EastEnders star Carol Harrison says toxic sexism on soap made her feel suicidal

Former EastEnder Carol Harrison claims show bosses left her feeling suicidal after she challenged them over her ageist and sexist scripts.

The star – who played Tiffany’s mum Louise Raymond in the Nineties – says she had SEVEN crunch meetings with producers over the issue which created a “toxic” atmosphere on set and led to a breakdown.

“I was told, ‘We don’t care about women over 40. They are not our audience. There is no interest in them’,” says Carol, who was axed after just a year on the soap.

“It left me shocked at how ageist and misogynistic they were. They told me to just get on with it and be grateful.”


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The actress is speaking out after Albert Square legend June Brown quit the soap last week amid an ageism row.

Carol – who first accused the show of branding her “past it” last year – today reveals the full extent of the breakdown she suffered.

She tells how the stress of her battle to get her character right led to her piling on weight, suffering blackouts on set and the return of suicidal thoughts she had suffered as a teenager.


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She ended up in therapy and on antidepressants.

“For years after EastEnders I believed I was a has-been,” she says.

“It’s only now I’ve felt able to get back to performing”

Like millions of the soap’s fans, she was infuriated by the low-key exit of June Brown, 93, who played Dot Cotton.

“When I heard she quit, unhappy with her storylines, I thought, ‘how could she be treated like this?’” says Carol.

“Dot’s character was diminished. It smacks of ageism.”


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Carol had no idea of the problems she’d face when she was hired by EastEnders in 1998 after starring in London’s Burning and Brush Strokes.

Then 43, she played the sassy mum of Martine McCutcheon’s Tiffany.

In one of the show’s top plots, Louise slept with Tiffany’s hubby Grant, played by Ross Kemp.

Carol said: “That storyline won a Bafta.

But after the first six months the script around Louise changed.

A drip-feed of negative, ageist comments crept in.

Louise was only 40, but I had to say lines like, ‘Underneath my clothes my body’s not what it was’ as if I was ancient.


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“In one scene Louise’s lover Gianni di Marco had to say, ‘I found your hair dye in the medicine cabinet – you’re nothing but an old granny’.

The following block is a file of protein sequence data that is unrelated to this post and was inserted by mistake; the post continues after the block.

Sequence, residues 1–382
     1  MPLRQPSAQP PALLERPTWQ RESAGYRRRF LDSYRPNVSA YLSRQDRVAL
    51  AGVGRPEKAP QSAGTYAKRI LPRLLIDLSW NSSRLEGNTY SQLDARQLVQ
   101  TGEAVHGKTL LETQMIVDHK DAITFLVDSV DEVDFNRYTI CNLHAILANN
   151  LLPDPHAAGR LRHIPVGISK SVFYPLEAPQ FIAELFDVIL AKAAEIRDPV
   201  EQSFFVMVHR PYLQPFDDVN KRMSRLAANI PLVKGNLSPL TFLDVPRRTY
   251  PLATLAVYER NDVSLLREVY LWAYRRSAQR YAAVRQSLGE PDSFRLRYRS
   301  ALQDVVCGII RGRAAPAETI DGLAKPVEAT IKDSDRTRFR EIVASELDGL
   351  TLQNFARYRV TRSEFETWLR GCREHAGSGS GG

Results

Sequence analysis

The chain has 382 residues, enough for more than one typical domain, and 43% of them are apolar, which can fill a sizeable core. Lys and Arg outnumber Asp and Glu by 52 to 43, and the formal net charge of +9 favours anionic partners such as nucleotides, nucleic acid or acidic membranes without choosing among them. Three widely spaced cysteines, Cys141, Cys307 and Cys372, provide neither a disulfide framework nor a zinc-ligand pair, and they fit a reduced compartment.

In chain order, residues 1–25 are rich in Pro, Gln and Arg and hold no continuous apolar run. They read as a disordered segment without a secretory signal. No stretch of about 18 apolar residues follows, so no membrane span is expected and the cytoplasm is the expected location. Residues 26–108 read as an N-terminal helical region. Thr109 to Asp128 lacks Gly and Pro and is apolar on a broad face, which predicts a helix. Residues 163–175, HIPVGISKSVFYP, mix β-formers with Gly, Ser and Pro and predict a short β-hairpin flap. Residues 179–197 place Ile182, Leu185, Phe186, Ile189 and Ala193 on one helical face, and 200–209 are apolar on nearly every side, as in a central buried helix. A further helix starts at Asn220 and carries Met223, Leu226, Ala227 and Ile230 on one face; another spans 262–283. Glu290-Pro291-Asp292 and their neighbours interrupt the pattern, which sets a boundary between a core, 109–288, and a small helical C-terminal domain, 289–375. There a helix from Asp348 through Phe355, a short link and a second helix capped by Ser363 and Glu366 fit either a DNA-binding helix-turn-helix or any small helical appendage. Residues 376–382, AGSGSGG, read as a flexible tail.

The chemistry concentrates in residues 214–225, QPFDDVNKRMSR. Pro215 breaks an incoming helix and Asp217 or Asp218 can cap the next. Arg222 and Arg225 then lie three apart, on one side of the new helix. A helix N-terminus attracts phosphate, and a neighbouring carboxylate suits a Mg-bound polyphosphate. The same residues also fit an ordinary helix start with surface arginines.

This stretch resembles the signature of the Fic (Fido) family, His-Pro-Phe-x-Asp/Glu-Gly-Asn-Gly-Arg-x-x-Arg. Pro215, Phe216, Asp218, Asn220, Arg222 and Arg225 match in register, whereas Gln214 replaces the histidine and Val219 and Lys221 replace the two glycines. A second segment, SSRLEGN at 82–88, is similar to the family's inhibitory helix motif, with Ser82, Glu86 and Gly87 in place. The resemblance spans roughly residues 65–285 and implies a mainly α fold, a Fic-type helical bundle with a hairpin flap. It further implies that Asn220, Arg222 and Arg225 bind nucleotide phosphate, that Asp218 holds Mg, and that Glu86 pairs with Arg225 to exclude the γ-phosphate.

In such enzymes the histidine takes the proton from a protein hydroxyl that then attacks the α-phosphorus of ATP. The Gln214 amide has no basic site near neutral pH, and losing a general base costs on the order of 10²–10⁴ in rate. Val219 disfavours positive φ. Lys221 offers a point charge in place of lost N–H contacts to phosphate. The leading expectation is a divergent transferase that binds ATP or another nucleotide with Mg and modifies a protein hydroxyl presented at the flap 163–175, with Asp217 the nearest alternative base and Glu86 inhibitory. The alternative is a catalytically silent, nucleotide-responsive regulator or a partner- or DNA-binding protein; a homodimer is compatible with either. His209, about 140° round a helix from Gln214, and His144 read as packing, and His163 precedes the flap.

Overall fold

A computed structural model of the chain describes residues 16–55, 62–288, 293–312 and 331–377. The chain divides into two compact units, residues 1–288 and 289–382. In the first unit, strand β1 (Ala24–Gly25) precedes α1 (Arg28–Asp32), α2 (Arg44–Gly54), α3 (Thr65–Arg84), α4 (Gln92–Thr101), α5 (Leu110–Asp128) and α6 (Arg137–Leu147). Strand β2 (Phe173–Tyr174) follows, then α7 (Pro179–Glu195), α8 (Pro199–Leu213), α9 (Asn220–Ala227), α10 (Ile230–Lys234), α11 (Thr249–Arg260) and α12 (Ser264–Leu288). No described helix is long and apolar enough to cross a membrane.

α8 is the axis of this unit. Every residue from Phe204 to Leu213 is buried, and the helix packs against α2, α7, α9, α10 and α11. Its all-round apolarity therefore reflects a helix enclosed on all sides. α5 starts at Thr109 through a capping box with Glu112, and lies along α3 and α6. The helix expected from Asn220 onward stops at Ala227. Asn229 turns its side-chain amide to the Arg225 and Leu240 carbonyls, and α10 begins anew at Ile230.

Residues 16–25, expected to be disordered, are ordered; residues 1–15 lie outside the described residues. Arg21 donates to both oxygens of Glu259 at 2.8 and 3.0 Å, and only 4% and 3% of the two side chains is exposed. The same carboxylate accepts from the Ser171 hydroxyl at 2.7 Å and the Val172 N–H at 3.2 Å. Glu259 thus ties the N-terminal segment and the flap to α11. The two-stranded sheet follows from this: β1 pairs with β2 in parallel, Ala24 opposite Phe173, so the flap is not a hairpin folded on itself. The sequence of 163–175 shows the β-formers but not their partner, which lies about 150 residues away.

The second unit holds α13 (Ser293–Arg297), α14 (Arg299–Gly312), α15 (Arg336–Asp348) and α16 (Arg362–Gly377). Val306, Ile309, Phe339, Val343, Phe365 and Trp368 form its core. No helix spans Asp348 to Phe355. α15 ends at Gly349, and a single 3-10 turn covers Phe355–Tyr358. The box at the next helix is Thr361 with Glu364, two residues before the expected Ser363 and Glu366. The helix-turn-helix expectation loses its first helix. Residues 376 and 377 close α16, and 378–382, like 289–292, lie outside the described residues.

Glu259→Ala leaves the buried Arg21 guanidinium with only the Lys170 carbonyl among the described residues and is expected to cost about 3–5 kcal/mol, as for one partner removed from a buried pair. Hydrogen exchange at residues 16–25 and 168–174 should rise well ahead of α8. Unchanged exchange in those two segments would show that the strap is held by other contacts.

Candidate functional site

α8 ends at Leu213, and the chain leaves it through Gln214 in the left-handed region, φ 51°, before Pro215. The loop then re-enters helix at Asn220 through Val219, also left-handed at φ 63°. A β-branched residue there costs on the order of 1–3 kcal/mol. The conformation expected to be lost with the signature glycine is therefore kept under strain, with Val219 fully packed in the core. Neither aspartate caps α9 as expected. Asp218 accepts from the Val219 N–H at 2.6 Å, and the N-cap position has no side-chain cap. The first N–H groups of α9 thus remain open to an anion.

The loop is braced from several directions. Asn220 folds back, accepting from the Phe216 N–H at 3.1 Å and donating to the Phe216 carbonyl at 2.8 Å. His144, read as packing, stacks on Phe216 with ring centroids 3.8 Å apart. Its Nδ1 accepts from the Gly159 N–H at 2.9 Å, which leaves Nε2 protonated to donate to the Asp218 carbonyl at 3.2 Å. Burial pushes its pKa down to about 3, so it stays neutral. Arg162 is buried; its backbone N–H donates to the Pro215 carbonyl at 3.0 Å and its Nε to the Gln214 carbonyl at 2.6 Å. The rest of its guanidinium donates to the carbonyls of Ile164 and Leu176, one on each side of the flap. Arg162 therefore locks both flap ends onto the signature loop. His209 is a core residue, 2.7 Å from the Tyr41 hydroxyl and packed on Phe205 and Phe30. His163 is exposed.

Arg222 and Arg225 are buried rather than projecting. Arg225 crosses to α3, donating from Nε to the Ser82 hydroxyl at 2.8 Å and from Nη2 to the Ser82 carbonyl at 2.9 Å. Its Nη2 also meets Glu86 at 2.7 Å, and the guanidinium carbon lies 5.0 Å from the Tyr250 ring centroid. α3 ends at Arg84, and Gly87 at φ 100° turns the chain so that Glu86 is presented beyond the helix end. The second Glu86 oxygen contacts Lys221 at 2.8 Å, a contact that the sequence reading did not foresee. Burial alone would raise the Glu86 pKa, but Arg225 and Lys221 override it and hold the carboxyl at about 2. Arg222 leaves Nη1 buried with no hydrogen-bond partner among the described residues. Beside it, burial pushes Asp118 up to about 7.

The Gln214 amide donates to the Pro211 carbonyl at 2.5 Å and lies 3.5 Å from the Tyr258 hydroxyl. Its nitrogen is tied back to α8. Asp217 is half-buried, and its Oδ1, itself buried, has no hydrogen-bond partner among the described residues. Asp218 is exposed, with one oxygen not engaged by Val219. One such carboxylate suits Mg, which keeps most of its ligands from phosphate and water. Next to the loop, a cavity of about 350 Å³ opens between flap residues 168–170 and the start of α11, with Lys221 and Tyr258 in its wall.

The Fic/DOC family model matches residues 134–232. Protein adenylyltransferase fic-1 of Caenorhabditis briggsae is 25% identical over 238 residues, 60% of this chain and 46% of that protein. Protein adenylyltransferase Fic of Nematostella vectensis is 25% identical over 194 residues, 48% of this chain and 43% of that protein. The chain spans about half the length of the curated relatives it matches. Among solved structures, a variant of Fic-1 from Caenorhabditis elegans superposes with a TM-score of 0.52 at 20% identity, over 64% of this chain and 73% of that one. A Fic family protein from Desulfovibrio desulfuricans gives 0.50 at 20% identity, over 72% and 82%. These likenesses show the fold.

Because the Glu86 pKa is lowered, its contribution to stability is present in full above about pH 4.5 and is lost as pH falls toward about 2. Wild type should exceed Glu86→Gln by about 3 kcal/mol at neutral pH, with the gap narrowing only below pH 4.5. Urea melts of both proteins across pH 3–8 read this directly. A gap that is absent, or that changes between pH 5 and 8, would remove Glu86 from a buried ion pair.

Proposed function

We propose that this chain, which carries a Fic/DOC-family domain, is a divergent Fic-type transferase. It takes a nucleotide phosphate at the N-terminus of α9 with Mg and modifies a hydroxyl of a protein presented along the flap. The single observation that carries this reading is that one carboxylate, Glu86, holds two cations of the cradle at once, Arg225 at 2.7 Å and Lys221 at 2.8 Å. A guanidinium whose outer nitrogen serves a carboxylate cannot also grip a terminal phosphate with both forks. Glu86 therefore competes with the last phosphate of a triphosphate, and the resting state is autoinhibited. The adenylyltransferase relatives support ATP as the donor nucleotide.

It was demeaning to the character, to me and to women her age watching.

In another, Grant says, ‘Why would I be with you when I can be with Tiffany?’ – yet his character was only five years younger than mine. It was ridiculous.

“I had about seven meetings with executives.

My relationships with them became toxic and I started feeling ill.

I confided in friends like Patsy Palmer and Nadia Sawalha about how I was feeling.

“I was working 7am to 7pm and had my little boy Alfie and husband Jamie. I’d go home and cry.

“There were a couple of times on set when I blacked out.

I put on weight and my GP said my thyroid was acting up, probably due to stress.

Then I read I was to be written out.” Five months later, in 1999, she was gone.

“By the time I left I felt I was no good and my acting days were over.

I got offered parts, but all like Louise had been portrayed.

My marriage ended in 2000. By then I’d lost all confidence.”

In despair, the actress felt as vulnerable as she had done as a teenager following abuse as a child.

“I started to feel as low as I did when I tried to commit suicide at 18.

I did have suicidal thoughts but never let them go beyond that.

“When I tried to take my own life as a teenager, it was because I’d felt helpless.

I blamed myself for the abuse I’d gone through.

In some way, what had happened at EastEnders brought back that same helpless feeling.

Acting had become my saviour after my teenage years but now I felt powerless.

“I started taking medication and had CBT counselling.

I was so drained.

Luckily, because of my past, I knew the signs and how to hold myself together.”

Her revelations come just days after Louise Jameson, who played Rosa di Marco, told how she was booted off the show in 2000 after challenging a storyline she didn’t like.

Carol’s recovery has been gradual.


After her EastEnders hell, she studied a two-year MA in scriptwriting, avoiding the front of the camera.

She has gone on to write plays including All Or Nothing which toured the UK and hit the West End.

Carol remarried in 2006 and is happier than ever.

And last year she made a triumphant acting comeback in the smash hit theatre show The Thunder Girls, which will tour the UK again later this year, also starring Corrie’s Beverley Callard and Coleen Nolan.

Carol says: “To think they tried to write me off when I was only 43 and now at 65 I’m having the time of my life in a show audiences love.

“All the Thunder Girls cast play strong, complex women over 50 and we all feel great about ourselves.

“The TV industry should celebrate women, not denigrate and humiliate them like EastEnders did to me.”

For tour info see thundergirls.co.uk

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